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  • International Mammalian Genome Society
    such as IKMC international mouse knock out consortium GRC genome reference consortium and CCDS consensus CDS If delegates have any particular annotation queries about their genes of interest we are happy to discuss these This will be held in the Colegio Fonseca and each participant should bring a laptop if they wish to see examples during the workshop Places must be pre booked for this meeting at the extra cost of 60 please specify if you wish to register for this meeting in section 3 of the registration process Student Satellite Symposium There will be a satellite meeting on Sunday from 2 30pm 7 30pm specifically for students to present oral presentations to an audience consisting mainly of other students and post docs A selection of these presentations will be asked to present to the main conference and all other student presentations will be presented as posters at the main conference For scholarship recipients all the costs of this satellite meeting will be covered in the scholarship awards please see below for further information other delegates are also encouraged to attend Cost 60 When submitting your abstract within the submission system please select if you wish it to be considered for the Student Conference in addition to the Main Conference you will find a tick box within the submission system Systems Genetics Workshop The Systems Genetics workshop will be held on Monday the 16 th from 5 30 until 8 30 pm in the Sala Menor The aim of this workshop is to familiarize current and potential users with two systems genetics platforms and their associated tools The two reference populations GRPs are the Collaborative Cross and Diversity Outbred populations The course will introduce and facilitate utilization of GRPs to address complex biological questions Syllabus items include Introduction to GRPs

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  • International Mammalian Genome Society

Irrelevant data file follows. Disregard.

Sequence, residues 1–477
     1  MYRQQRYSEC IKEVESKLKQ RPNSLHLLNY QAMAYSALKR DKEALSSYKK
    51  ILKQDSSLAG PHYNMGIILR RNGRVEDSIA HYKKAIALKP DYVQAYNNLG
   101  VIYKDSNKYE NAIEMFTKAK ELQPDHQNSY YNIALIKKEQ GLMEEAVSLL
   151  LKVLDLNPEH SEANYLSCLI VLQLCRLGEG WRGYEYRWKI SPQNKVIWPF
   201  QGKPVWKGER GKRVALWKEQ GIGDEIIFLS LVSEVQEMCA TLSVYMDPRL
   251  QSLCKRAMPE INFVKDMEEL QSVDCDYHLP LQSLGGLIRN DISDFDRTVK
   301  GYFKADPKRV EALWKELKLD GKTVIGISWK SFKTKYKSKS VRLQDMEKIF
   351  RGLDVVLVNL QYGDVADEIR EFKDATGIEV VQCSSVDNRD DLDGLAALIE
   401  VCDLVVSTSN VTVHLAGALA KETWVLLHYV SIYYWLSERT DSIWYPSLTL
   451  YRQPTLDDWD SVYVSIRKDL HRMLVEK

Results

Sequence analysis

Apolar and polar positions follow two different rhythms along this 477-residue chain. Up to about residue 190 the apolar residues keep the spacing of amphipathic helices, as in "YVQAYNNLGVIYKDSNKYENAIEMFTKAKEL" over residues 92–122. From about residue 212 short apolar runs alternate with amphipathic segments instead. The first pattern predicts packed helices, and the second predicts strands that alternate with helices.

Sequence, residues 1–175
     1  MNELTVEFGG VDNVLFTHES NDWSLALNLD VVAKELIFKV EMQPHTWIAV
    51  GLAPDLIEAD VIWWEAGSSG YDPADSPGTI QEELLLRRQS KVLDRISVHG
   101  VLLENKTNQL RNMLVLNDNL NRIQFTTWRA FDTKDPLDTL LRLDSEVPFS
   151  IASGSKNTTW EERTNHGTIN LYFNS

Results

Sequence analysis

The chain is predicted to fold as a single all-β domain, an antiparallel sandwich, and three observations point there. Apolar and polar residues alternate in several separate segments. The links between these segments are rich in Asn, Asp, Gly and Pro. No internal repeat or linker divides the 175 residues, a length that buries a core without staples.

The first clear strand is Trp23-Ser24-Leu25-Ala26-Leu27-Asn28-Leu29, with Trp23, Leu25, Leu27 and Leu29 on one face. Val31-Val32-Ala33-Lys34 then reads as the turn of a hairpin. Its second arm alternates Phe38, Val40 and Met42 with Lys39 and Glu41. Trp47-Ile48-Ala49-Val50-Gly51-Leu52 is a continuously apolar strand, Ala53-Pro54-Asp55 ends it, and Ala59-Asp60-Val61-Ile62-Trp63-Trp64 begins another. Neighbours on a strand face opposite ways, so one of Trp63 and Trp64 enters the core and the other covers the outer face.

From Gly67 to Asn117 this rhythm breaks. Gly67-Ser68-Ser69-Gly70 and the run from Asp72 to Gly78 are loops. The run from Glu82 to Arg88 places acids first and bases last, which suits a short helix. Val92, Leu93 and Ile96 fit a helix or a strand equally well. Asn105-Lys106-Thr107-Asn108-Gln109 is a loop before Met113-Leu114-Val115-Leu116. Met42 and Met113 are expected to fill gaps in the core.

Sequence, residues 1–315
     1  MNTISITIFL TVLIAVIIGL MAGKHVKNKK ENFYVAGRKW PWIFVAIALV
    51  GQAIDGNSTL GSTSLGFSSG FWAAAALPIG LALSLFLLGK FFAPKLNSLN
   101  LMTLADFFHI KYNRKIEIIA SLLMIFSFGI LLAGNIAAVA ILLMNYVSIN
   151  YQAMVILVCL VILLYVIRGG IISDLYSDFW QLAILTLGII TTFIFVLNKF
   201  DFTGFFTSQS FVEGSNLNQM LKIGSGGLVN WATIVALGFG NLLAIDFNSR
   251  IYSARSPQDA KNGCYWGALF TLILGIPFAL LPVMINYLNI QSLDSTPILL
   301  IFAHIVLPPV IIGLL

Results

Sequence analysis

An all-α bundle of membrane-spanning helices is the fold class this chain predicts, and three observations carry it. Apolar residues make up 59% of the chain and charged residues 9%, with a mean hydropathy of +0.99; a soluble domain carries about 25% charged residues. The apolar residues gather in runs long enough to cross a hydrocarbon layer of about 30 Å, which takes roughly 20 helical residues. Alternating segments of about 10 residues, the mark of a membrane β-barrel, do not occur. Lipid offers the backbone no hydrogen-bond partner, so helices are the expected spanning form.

system In addition please register on this site and choose Direct bill in the payment section and you will not need to pay when you register Finances can be sorted out after the scholarship awards are given You should ALSO submit your abstract on line by the deadline As in previous years you must be an International Mammalian Genome Society member to receive financial aid The membership rate for students and post docs with paper copy of the journal Mammalian Genome is US 49 per calendar year and US 30 for students and post docs who do not wish to receive the journal To become a member you can apply at http www imgs org Applications for membership and aid can be processed simultaneously IMGS Student Scholarship Sponsors Funding for student scholarships was made possible by 2R13HG002394 from NHGRI and NICHD at NIH and from Mouse News Letter Ltd Scholarship Awards through the COST Action SYSGENET The COST Action SYSGENET BM 0901 will support the attendance of young scientists from COST countries http www cost eu about cost cost countries Interested applicants are invited to submit their application with the following required documents until July 27 2013 by email to

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  • International Mammalian Genome Society
    consistency a member of The International Committee on Standardized Genetic Nomenclature for Mice will be editing all submitted abstracts for the proper use of gene and protein nomenclature No changes other than nomenclature usage will be made Corrected abstracts will be sent back to authors for review Please refer to the Mouse Genome Informatics MGI website for official mouse nomenclature and the MGI Nomenclature Homepage under Additional Resources for links to the HUGO Gene Nomenclature and the Rat Genome Database websites Nomenclature for other species can be found at NCBI Entrez Gene Student posters will once again be judged for nomenclature and a prize awarded for Nomenclature Excellence Presentation Guidelines Oral Presentations Checking in your Presentation Each presenter should check in his her presentation at least four hours before he she is due to present It is recommended that you bring your presentation on a USB memory stick Presenters do not need to bring a laptop as presentations will be loaded onto a main computer Only computer presentations can be accepted There will be no facilities for 35mm slide projection or overhead projection NB If there are movie clips included in your presentation you must bring the original movie files as well as the PowerPoint file otherwise your movie clips will not run Presentation Timing Please make your way to the room in which you are presenting a minimum of ten minutes prior to the start of the session This will allow you to meet with the Chair of your session Keeping to Time The program is very tight and it is imperative that the sessions run on time Poster Presentations Authors are reminded that the dimensions of the displays are 90 cm wide x 120 cm tall Please note that a supply of Velcro will be available at the

    Original URL path: http://www.imgs.org/Archive/website/IMGS2013/abstracts.html (2016-02-17)
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  • International Mammalian Genome Society